Here’s five great quotes from the late Professor Emeritus Philip R. Davies, who died this week:

On redaction criticism and tradition-historical criticism:

Each of these methods [redaction criticism and tradition-historical criticism], it seems to me, relies on the same circular reasoning. The term “redaction” emphasizes the existence of earlier rewritten materials, while “tradition” assumes a process of retelling, and thus the pre-existence of material before its final writing down. In each case the recognition of an original creative process preceding by several stages and by a long span of time the actual creation of the literary work (however identified) is generated by assumption rather than argument. In assigning contexts for the composition of biblical literature that are furnished by the literature itself, biblical scholarship is, methodologically speaking, chasing its own tail.”
(In Search of Ancient Israel: A Study in Biblical Origins [Sheffield: Sheffield Academic Press, 1992], p. 28.)

On the historicity of King David:

I am not the only scholar who suspects that the figure of King David is about as historical as King Arthur.
(“House of David” Built on Sand: The Sins of the Biblical Maximizers”, Biblical Archaeological Review 20 no.  4 (1994), p. 55.)

On the historicity of Rehoboam and Jeroboam:

“Are Rehoboam and Jeroboam more like Tweedledum and Tweedledee?”
(‘Biblical Israel in the Ninth Century?” Proceedings of the British Academy 143 (2007), p. 54.)

On critical biblical studies versus theology:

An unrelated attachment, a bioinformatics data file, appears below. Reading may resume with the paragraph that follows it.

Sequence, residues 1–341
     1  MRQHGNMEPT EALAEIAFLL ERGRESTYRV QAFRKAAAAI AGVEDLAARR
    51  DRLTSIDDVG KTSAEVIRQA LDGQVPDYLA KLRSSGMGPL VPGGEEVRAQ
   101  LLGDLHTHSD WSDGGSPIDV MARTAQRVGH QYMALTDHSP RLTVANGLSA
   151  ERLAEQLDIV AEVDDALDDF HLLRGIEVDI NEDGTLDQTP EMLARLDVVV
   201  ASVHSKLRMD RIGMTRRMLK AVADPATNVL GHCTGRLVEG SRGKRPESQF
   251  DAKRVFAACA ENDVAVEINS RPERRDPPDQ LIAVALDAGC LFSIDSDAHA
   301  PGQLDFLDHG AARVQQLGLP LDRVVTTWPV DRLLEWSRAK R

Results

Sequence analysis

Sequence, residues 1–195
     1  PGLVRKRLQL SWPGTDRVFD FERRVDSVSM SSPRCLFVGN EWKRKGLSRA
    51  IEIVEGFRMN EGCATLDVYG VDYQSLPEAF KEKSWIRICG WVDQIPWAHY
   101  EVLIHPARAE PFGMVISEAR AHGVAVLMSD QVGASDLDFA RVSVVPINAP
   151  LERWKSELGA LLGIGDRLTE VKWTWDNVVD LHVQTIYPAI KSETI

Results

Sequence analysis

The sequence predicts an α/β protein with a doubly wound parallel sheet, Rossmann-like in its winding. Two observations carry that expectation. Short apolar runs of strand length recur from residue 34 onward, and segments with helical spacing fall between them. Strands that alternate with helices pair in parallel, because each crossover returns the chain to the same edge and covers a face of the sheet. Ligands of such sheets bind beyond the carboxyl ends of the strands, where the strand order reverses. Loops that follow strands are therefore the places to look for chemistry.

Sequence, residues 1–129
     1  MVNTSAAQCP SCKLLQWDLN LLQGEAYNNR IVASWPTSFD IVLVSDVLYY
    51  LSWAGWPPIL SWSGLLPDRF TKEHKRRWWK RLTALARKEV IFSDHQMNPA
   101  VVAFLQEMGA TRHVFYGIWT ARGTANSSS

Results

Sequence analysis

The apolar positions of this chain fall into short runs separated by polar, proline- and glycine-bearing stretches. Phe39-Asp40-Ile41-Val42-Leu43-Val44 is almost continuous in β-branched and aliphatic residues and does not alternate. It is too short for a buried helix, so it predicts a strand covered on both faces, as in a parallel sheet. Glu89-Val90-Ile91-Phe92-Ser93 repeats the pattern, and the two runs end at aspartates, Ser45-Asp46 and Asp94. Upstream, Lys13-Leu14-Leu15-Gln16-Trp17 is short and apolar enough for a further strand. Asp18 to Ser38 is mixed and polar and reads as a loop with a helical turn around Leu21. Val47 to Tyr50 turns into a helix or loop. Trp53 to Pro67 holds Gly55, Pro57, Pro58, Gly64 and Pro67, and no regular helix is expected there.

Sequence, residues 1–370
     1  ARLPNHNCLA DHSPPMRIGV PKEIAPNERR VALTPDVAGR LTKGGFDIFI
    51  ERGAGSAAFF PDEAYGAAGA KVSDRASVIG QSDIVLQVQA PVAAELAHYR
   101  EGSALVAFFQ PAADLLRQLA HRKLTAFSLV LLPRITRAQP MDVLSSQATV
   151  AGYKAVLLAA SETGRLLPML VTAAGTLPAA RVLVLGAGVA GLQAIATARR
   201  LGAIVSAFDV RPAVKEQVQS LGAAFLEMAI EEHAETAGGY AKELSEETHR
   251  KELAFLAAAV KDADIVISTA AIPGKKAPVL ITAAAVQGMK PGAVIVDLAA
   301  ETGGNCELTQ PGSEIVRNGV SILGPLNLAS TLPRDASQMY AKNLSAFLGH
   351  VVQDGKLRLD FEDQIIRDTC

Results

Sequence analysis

While both ‘confessional’ and ‘nonconfessional’ approaches to the academic study of the biblical literature may be deemed, in their own way, ‘critical’, they are nevertheless fundamentally quite different types of behaviour, and they ought not to be confused either in theory or practice. Indeed, the two approaches imply different definitions of the subject matter, and create two different kinds of discourses on biblical matters, and these discourses are so fundamentally divergent as to require and to imply separate disciplines.
(in Whose Bible Is It Anyway? [Sheffield: Sheffield Academic Press, 1995], p. 13.)

On ‘Biblical Israel’:

Our ‘ancient Israel’ is not the biblical literary entity, nor an historical one. It is a scholarly creation deemed essential to the pursuit of biblical studies, and it has come about by the simple but erroneous step of lifting one kind of thing out of a text and setting it down somewhere else. It owes nearly everything to Bible reading, nothing to critical reflection, and very little indeed to historical research.
(in In Search of Ancient Israel [Sheffield: Sheffield Academic Press, 1992], p. 31.)